-Overweight and obese people have a higher risk of developing cardiovascular disease in their lifetime.
-While overall longevity may be similar or slightly shorter in overweight people compared to people with normal body mass index, this comes at the expense of living longer with cardiovascular disease.
Embargoed until 2 p.m. PT/ 5 p.m. ET, Thursday, March 9, 2017
PORTLAND, Oregon, March 9, 2017 — People who are overweight or obese may live as long as or less than those of healthy weight, but they experience cardiovascular disease at an earlier age and live longer burdened by the disease, according to research presented at the American Heart Association’s Epidemiology and Prevention / Lifestyle and Cardiometabolic Health 2017 Scientific Sessions.
Prior studies have suggested an “obesity paradox” in which overweight and obese people — defined as having a body-mass index (BMI) greater than 25 — may live longer compared to people with normal BMI. The new study provides new insight into the “paradox” by analyzing individual-level pooled data from the Lifetime Risk Pooling Project (LRPP), which includes 20 large U.S. community-based cardiovascular disease groups.
“We wanted to focus on both the risk of cardiovascular events and implications in terms of healthy longevity – living without cardiovascular disease – by weight status,” said Sadiya Khan, M.D., M.Sc., an instructor of medicine at Northwestern University’s Feinberg School of Medicine in Chicago, Illinois.
The researchers found:
-Both overweight and obese people tended to live slightly shorter or similar lifespans compared to people with normal body weight, whether or not they had cardiovascular diseases.
-Compared to people with normal BMI, lifetime risks for developing cardiovascular disease were higher in overweight and obese adults. For example, middle-aged women who were overweight were 32 percent more likely to develop cardiovascular disease in their lifetime compared to women of normal weight.
-Average years lived without cardiovascular disease were longest for people with normal BMI, while years lived with cardiovascular disease were longest for overweight and obese people.
-Overweight or obese people experienced cardiovascular disease at an earlier age than those with normal BMI. For example, in middle-aged women who were overweight, cardiovascular disease began 1.8 years earlier than normal weight women, and for those who were obese, 4.3 years earlier.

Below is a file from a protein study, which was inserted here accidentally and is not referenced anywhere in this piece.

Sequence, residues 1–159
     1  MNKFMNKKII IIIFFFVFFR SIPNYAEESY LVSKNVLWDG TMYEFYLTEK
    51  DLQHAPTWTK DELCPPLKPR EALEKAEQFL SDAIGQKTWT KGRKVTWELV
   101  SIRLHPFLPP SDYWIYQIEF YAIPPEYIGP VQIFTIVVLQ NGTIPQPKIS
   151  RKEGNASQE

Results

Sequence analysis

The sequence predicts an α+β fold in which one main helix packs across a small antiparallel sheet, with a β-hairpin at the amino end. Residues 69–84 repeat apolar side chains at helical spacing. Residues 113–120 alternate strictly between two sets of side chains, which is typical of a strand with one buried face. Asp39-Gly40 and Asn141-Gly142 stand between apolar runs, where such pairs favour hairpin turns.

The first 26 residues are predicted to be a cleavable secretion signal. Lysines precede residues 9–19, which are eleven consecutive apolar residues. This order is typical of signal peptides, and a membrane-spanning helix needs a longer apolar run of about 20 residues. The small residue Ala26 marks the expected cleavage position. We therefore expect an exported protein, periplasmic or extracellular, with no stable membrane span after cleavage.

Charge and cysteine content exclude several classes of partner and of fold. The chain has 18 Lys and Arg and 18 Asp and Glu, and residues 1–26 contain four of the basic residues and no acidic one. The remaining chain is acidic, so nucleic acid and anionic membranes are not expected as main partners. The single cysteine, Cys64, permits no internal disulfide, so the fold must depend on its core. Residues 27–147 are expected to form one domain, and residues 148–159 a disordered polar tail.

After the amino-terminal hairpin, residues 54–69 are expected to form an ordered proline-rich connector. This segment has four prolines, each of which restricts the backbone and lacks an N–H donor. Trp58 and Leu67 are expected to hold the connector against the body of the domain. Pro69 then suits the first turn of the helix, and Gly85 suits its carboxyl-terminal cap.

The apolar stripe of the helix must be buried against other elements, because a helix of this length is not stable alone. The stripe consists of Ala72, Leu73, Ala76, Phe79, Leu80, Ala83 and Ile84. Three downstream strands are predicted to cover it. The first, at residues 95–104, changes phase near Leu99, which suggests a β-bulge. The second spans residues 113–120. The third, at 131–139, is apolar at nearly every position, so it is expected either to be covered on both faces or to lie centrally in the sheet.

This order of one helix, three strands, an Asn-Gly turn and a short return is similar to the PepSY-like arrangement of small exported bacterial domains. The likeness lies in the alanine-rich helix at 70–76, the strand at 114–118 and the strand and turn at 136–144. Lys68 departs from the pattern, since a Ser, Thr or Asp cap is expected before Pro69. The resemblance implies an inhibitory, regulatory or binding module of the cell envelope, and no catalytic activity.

For this study, the researchers looked at cardiovascular disease data in 72,490 participants from the LRPP, focusing on middle-aged people (average age 55). Participants were healthy and free of cardiovascular disease when they enrolled in the study. The average BMI was 27.4 for men and 27.1 for women. During follow up, 13,457 cardiovascular disease events — a diagnosis of coronary heart disease stroke, and heart failure — including 6,309 deaths due to cardiovascular disease and 11,782 deaths not associated with cardiovascular disease occurred.
The study focused on cardiovascular events, including coronary heart disease, stroke, heart failure, and cardiovascular death, but was unable to account for other complications associated with increased weight, such as atrial fibrillation or liver disease, which Khan said would also be important when examining healthy longevity and quality of life of overweight and obese people.
Another limitation of the study is the use of BMI, which indirectly measures body fat and does not consider central obesity, the build-up of abdominal fat that can adversely affect health. Future studies, she said, could explore other measures of overweight and obesity, such as waist circumference and abdominal fat.
“Our findings suggest that healthcare providers need to continue to be aware of the increased risk of earlier cardiovascular disease faced by overweight and obese people,” Khan said. “Healthcare providers should emphasize the importance of maintaining healthy weight throughout their lives to live longer, healthier lives.”
Co-authors are Hongyang Ning, M.D., John T. Wilkins, M.D., Norrina B. Allen, Ph.D., Mercedes Carnethon, Ph.D., Jarett D. Berry, M.D., Ranya N. Sweis, M.D., and Donald M. Lloyd-Jones, M.D. Author disclosures are on the manuscript.
This study is funded by the National Heart, Lung, and Blood Institute.
Note: Scientific presentation time of abstract poster MP079 is 5 p.m. PT/ 8 p.m. ET, Thursday, March 9, 2017.
Statements and conclusions of study authors that are presented at American Heart Association scientific meetings are solely those of the study authors and do not necessarily reflect association policy or position. The association makes no representation or warranty as to their accuracy or reliability. The association receives funding primarily from individuals; foundations and corporations (including pharmaceutical, device manufacturers and other companies) also make donations and fund specific association programs and events. The association has strict policies to prevent these relationships from influencing the science content. Revenues from pharmaceutical and device corporations and health insurance providers are available at www.heart.org/corporatefunding.
For media inquiries about this news release and AHA spokesperson perspective:
Darcy Spitz: (212) 878-5940; email@example.com
Carrie Thacker: (214) 706-1665; firstname.lastname@example.org
For public inquiries:
Life is why, science is how . . . we help people live longer, healthier lives.